/No free kill’ Protesters confront AG Lynn Fitch after she drops charge of white officer who killed black man in 2015

No free kill’ Protesters confront AG Lynn Fitch after she drops charge of white officer who killed black man in 2015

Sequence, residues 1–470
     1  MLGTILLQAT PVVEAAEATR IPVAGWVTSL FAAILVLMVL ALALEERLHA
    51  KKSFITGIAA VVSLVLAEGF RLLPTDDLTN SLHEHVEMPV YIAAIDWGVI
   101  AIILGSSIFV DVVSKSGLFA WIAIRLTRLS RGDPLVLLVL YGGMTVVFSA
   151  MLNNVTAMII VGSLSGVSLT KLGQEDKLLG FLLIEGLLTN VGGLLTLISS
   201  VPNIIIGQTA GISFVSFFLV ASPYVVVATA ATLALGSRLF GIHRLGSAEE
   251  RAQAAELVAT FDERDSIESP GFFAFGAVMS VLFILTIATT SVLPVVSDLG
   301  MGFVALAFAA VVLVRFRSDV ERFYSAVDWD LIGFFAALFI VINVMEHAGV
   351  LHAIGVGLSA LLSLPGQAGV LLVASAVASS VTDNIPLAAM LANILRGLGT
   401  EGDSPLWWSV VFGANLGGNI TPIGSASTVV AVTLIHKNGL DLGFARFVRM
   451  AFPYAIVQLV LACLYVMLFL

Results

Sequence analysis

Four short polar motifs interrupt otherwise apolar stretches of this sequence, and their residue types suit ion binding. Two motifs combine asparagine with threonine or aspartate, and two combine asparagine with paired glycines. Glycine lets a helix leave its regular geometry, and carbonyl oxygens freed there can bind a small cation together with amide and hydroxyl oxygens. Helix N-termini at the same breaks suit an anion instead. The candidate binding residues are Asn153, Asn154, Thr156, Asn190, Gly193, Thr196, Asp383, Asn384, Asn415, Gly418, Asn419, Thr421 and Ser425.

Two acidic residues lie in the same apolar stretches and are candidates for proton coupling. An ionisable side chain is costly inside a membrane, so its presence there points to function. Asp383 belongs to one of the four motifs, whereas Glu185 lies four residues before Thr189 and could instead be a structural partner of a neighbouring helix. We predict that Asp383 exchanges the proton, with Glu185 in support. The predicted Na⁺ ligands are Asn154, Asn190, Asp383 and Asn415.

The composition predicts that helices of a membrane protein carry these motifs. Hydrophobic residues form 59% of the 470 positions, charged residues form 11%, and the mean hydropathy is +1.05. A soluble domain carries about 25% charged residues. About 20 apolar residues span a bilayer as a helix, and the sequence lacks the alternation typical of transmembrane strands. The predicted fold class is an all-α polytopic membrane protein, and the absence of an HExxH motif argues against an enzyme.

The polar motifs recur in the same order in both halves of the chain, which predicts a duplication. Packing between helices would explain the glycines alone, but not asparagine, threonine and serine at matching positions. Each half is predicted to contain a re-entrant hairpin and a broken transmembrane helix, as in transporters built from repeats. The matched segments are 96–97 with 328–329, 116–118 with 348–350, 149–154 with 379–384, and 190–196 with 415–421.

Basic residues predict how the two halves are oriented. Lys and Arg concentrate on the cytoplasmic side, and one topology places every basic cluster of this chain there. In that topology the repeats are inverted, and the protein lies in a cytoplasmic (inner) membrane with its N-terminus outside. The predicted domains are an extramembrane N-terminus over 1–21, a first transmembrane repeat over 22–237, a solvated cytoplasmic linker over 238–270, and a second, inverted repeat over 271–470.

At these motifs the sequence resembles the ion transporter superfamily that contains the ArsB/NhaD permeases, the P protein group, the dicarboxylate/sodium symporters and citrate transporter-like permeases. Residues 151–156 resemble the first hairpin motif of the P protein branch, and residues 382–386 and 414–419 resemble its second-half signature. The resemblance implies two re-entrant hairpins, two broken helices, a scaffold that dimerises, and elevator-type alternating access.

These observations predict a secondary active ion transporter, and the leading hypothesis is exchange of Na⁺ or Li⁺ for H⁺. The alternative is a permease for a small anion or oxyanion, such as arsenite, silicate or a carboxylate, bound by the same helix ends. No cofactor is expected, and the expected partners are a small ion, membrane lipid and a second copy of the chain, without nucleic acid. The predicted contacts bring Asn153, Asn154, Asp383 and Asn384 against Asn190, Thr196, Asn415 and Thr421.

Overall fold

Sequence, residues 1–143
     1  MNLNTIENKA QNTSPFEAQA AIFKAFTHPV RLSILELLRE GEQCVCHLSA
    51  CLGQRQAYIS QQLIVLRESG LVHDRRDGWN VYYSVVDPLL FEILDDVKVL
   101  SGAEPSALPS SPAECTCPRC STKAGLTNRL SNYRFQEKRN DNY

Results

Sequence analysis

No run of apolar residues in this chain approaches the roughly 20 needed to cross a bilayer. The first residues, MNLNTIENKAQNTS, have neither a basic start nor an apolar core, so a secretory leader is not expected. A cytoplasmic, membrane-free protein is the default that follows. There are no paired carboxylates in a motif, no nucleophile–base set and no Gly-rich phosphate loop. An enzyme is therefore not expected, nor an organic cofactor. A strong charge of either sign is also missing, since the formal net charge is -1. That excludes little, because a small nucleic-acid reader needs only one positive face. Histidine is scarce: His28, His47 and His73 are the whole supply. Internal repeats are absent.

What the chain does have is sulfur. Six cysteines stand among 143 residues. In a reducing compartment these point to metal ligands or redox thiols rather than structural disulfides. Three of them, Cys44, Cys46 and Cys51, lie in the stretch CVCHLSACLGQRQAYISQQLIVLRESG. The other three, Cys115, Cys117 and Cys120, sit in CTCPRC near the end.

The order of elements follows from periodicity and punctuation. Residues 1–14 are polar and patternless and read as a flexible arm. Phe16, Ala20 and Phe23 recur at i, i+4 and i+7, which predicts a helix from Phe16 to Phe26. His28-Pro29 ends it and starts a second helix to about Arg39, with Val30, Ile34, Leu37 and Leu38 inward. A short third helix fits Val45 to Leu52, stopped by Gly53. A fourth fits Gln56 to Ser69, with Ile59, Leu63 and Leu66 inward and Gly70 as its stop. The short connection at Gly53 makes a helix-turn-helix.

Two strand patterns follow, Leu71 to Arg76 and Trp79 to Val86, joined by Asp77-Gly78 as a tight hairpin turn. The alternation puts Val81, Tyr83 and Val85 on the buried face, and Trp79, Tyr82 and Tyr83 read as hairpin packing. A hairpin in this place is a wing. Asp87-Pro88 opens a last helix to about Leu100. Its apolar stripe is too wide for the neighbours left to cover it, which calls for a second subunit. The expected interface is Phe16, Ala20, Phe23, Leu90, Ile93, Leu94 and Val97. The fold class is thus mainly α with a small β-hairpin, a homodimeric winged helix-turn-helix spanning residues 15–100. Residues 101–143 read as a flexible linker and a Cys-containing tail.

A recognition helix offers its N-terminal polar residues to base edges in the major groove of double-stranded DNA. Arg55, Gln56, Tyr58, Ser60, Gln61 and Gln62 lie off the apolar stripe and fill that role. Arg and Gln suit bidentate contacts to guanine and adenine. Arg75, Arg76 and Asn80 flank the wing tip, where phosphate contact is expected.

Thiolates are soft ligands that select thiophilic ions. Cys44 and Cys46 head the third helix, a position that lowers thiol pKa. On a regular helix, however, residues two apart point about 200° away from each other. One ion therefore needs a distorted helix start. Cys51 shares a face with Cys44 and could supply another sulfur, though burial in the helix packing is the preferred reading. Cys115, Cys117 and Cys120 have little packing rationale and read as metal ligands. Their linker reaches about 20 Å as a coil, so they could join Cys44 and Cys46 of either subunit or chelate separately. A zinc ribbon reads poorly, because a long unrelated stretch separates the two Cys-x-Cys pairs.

Danyelle Harris, organizer of the Poor People’s Campaign, stated that the rally was not asking for permission. We demand answers. This is not a rally for pep. “We mean business.” In 2016, former Columbus Police Department officer Canyon Boykin was arrested by Jim Hood for shooting and killing Ricky Ball (a 26-year old black man) during a traffic stop in 2015. Boykin and the other officers who were with him did not use their body cameras during the incident. The details of what took place that night have not been made public. Fitch was elected to the office in November 2019 as a Republican by the Republican administration of Hood. Hood was a Democrat. Fitch was elected the first Republican to this position since 1800s. Fitch stated in a two-sentence declaration that evidence in the case suggested “necessary defense.” The statement said that the Attorney General’s Office had reviewed thousands of documents in the case file and determined that there was no evidence to support the prosecution of Officer Boykin. “In fact, all evidence including forensics as well as the sworn statements by four different MBI investigators points to necessary self defense.” The Poor People’s Campaign sponsored Friday’s event. The speakers passionately appealed for the frustration of the crowd, not only about Ball’s passing but also about other black Mississippians who were killed in police encounters. David Horton shouted into a megaphone, his voice choked up. “I don’t fear standing up for my child. I don’t hesitate to stand up for my people. If it is for a good cause, I don’t mind being killed. “I’m not afraid. Horton stated, in front of the building housing the attorney general, “You want me to fear.” At the rally, several elected officials spoke, including Scott Colom (City Attorney), Rep. Kabir Karriem (D-Columbus), and Cheikh Taylor (D-Starkville). Karriem discussed the failures of attempts to pass reforms in the state Legislature around criminal justice reform and racial justice reform. Karriem stated that “Everyday the first thing we do every day is pray.” Then, we turn around to do the most meanest things to people. She called for the shutdown of Parchman, the Mississippi State Penitentiary, and the modification of the state flag which contains the Confederate battle emblem. “Something’s gotto change, folks.” Lea Campbell (co-chair of Mississippi Poor People’s Campaign) addressed white Mississippians about their roles in the movement. She said that this was about the oppression that people like you and me have created. However, organizers were able to find a white man carrying a gun in a nearby parking lot. The situation did not escalate as protesters shouted at the parking lot. Harris said, “He has come in to intimidate us,” through the megaphone. Fitch had been addressed by the group, but Fitch was not allowed inside the building. Protesters demanded that they be allowed in for 30 minutes after moving the rally from the Capitol building across the street. The Capitol Police prevented them from entering. Finally, Rep. Zakiya Sommers, D.Jackson, addressed the crowd and promised that she would give the letter to legislators. Summers stated that the public should know what Fitch had access to in order to determine if there was any premeditation or cause. Harris promised that the rallies would continue until more information was available about the events surrounding Ball’s death. Harris stated that he felt a shift after the rally. Harris said that he felt a shift and would be back next week as well as the week after. “We’re not going anywhere.”